The multicultural collective LAByrinth has a history of helping nontraditional playwrights find their stage legs. Once in a while, someone like Bob Glaudini comes through with a play like "Jack Goes Boating," premiered earlier this year, which pays off bigtime.
The multicultural collective LAByrinth has a history of helping nontraditional playwrights find their stage legs. Once in a while, someone like Bob Glaudini comes through with a play like “Jack Goes Boating,” premiered earlier this year, which pays off bigtime. But the scribe’s messy new work, “A View From 151st Street,” shows little of the originality that gave “Jack” its spark. Violence may be a way of life on these uptown streets, but it doesn’t make the one-note characters any more interesting or sustain them as they sleepwalk through a formless plot.
The best parts of Glaudini’s episodic piece are the moments when the characters visibly struggle to find words — or to put together those words they do know in some coherent way.
Delroy, the menacing dope dealer played with exacting verisimilitude by Craig “muMs” Grant, claims all he wants is to find his “beats” for the nails-in-your-skull raps he improvises while waiting for neighborhood junkies to shuffle up to his street corner. But with the support of a terrific trio (Andrew Emer, Nir Felder and Q) hanging on his every manic move, Delroy’s beats come easy. It’s language that eludes him, those words that will make a “rhyme chime,” and he keeps grabbing at them with itchy fingers.
There’s even more at stake when neighborhood cop Daniel (an understated Juan Carlos Hernandez) grasps at words. With a bullet lodged in his brain after an encounter with Delroy, Daniel has to relearn his mother tongue like a baby. Although the process is as painful for the audience as it is for him, one welcome bit of levity has Daniel acquiring a foreign accent from Mara (Marisa Malone), his blowsy Russian nurse.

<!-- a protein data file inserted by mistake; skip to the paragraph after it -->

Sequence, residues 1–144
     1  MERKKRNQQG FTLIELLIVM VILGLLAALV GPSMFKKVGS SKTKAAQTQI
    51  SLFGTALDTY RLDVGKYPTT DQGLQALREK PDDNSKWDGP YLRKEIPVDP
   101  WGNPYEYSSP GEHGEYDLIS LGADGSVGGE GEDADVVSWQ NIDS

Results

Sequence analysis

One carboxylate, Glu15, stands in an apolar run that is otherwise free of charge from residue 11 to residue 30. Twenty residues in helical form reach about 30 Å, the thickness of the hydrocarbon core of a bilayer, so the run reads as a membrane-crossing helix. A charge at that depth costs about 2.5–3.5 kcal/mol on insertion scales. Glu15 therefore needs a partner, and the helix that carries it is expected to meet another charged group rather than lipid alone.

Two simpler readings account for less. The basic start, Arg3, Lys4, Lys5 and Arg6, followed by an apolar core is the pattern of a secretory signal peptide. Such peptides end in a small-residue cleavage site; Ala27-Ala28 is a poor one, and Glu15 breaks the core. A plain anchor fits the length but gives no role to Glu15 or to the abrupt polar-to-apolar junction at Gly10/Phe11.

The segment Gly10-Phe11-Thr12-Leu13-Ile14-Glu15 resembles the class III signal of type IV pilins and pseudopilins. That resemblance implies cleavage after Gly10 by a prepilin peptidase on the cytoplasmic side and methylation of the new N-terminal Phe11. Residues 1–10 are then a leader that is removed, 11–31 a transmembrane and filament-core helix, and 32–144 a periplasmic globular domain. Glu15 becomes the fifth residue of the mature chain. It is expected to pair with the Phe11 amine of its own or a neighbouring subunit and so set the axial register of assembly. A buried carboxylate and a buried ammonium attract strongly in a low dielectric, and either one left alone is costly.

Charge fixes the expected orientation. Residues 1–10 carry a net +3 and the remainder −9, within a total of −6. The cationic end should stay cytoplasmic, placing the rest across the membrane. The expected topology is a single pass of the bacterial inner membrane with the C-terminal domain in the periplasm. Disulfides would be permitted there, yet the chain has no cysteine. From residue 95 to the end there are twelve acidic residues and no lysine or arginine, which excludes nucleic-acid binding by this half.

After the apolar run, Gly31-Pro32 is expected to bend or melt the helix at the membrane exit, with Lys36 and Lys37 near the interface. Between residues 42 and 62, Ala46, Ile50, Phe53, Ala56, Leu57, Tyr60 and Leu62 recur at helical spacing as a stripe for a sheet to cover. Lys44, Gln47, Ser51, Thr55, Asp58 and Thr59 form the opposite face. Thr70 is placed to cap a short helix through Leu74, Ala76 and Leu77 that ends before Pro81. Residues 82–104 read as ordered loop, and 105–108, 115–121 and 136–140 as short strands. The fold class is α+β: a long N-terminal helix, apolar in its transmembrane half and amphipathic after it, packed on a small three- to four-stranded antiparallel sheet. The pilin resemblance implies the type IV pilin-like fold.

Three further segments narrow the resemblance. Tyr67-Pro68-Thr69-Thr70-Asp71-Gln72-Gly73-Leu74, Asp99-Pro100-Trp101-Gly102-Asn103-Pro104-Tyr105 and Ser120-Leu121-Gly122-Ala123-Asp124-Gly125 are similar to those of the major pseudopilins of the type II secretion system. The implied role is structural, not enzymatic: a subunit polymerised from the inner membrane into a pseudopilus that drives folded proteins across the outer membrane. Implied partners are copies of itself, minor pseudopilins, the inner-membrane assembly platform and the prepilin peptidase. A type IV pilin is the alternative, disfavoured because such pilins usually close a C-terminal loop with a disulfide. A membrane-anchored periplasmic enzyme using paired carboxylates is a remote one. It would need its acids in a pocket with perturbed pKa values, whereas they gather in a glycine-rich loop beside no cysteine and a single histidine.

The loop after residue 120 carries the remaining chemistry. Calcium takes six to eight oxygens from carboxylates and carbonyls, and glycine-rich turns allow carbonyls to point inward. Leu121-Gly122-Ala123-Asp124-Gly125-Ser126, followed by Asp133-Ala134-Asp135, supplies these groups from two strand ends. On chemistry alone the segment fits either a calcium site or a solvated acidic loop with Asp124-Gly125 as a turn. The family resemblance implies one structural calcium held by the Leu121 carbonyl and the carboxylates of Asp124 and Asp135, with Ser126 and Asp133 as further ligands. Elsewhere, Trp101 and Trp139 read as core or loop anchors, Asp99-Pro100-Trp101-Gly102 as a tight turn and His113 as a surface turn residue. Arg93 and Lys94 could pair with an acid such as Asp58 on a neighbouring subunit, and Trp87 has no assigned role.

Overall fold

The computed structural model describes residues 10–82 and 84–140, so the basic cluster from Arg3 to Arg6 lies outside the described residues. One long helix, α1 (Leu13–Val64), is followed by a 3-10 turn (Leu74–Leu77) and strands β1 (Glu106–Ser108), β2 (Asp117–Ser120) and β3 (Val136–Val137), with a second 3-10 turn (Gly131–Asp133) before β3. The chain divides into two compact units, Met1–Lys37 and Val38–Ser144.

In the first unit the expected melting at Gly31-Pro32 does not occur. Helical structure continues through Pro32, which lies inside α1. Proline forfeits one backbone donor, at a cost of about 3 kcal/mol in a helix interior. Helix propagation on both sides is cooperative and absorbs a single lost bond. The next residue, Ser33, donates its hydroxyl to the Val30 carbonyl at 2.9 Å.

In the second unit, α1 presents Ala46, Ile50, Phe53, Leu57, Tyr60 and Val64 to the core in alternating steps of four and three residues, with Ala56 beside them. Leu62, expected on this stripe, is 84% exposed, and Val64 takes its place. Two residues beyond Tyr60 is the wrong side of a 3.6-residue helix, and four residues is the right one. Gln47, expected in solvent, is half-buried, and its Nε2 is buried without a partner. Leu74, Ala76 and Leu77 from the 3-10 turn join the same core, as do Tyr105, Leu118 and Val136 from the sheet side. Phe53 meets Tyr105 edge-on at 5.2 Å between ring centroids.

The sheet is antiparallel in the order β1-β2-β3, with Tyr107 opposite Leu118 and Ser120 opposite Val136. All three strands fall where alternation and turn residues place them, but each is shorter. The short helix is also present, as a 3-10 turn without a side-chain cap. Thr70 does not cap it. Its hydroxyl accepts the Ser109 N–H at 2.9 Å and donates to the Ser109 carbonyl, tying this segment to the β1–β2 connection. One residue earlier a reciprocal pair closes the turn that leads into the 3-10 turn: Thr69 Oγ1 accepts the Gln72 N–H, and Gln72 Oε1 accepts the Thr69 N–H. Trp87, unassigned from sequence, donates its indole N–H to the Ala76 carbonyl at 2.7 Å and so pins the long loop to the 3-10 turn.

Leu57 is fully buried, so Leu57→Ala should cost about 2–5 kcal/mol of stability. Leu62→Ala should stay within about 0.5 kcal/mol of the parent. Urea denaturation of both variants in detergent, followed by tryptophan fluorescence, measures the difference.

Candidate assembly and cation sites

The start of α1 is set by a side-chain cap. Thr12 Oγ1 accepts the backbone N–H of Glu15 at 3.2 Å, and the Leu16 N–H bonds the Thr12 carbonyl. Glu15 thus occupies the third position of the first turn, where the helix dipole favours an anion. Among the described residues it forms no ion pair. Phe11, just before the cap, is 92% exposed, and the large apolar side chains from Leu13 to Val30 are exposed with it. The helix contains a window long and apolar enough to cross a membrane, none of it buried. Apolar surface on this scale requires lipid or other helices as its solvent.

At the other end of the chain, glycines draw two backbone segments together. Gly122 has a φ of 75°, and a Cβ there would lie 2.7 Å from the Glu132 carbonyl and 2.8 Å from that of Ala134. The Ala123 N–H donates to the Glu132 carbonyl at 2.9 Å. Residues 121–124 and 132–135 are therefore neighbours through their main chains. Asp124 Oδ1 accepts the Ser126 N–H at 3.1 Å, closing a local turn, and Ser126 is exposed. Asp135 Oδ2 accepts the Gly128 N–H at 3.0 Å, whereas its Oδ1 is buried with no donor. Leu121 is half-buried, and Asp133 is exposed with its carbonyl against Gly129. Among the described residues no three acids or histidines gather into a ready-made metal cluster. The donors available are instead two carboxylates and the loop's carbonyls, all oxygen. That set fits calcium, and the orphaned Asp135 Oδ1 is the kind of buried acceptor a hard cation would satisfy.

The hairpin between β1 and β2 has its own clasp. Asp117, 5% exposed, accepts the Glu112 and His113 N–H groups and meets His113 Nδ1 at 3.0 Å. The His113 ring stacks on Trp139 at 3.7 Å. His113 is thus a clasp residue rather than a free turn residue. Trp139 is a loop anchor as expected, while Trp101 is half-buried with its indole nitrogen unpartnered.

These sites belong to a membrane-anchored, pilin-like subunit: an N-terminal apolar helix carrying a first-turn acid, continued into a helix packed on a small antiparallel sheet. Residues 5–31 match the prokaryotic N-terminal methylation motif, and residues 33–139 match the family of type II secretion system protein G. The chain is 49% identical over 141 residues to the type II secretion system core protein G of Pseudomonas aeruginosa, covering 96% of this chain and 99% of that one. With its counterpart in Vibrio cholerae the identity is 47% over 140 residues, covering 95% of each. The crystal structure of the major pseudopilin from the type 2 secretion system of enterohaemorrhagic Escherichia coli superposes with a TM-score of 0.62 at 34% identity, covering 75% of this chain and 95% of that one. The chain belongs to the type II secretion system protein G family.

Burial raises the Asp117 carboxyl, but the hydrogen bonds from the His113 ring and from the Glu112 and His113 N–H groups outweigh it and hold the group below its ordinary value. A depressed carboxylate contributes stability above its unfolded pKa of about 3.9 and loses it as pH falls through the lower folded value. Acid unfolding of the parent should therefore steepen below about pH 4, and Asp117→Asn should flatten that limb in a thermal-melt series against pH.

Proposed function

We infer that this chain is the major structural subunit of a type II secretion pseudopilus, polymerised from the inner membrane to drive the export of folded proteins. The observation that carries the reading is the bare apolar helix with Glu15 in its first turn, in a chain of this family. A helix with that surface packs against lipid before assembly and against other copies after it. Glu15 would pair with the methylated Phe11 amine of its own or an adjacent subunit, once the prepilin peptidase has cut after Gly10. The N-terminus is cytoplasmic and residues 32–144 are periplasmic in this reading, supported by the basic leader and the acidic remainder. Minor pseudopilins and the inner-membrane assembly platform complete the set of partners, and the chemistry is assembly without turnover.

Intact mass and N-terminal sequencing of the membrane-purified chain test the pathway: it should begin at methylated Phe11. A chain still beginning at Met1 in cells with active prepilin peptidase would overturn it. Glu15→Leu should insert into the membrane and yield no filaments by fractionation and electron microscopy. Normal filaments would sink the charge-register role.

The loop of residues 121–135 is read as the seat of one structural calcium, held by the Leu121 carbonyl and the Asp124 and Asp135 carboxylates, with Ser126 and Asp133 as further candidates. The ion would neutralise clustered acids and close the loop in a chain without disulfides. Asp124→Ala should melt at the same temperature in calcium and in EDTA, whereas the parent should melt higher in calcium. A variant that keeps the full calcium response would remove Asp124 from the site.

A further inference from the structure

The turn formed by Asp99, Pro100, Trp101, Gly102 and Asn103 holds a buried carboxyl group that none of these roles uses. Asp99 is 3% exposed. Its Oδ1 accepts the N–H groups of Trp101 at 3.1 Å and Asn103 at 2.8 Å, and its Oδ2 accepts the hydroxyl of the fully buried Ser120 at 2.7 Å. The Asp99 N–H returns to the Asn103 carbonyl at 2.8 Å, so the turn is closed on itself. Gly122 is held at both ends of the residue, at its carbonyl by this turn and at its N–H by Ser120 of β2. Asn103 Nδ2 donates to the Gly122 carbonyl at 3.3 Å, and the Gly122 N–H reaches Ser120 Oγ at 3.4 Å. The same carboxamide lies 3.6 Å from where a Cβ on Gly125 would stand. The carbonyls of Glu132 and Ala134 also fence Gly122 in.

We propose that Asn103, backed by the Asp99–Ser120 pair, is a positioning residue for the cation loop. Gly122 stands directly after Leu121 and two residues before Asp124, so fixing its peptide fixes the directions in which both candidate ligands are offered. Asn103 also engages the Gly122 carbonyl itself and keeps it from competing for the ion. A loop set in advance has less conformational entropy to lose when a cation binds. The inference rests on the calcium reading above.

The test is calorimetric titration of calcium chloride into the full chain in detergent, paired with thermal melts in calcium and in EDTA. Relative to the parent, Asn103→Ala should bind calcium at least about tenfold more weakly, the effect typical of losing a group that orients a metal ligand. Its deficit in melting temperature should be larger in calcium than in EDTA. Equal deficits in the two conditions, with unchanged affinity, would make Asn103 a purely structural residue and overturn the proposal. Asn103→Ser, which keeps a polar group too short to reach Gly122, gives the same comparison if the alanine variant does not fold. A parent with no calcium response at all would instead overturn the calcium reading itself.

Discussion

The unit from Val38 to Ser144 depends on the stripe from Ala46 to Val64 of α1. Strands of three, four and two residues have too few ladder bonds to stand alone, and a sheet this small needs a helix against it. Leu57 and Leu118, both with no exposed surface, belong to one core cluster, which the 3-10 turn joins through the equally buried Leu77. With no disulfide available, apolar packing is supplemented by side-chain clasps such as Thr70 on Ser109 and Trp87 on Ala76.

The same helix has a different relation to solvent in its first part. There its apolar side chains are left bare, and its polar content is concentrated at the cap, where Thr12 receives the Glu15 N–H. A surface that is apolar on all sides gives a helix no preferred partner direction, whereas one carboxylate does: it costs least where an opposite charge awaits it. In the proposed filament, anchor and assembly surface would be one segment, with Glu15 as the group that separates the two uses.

Everyone who comes in and out of the neat little apartment Daniel shares with his long-suffering but uncomplaining wife Lena (Liza Colon-Zayas, with perpetually furrowed brow) expresses some kind of heightened interest in the English language. The strung-out crackhead Ray (Andre Royo), who’s pulling himself together while living in Daniel and Lena’s apartment, is hypersensitive about his foreign accent, while Monroe (Russell G. Jones), Daniel’s buddy on the force, is peacock-proud of his perfect grammar and elegant diction.
As schoolteachers, both Lena and Daniel’s sister Irene (Elizabeth Rodriguez) are especially aware of the many variations on the English language that determine social class for ghetto speakers. Irene makes the point with humor when, sitting down to grade papers at the kitchen table, she wryly observes, “Maybe of all the words there are, ‘nigga’ is not the best one to describe Bambi.”
It’s frustrating, though, to watch Glaudini dangle a theme and then dance away from it in the same way that he throws out plot threads and doesn’t bother to tie them together. Or the way he sets up character conflicts and then backs off before things get rough. But in the end, nothing is quite as boring as hanging on the corner with Delroy and waiting for something coherent to come out of his mouth.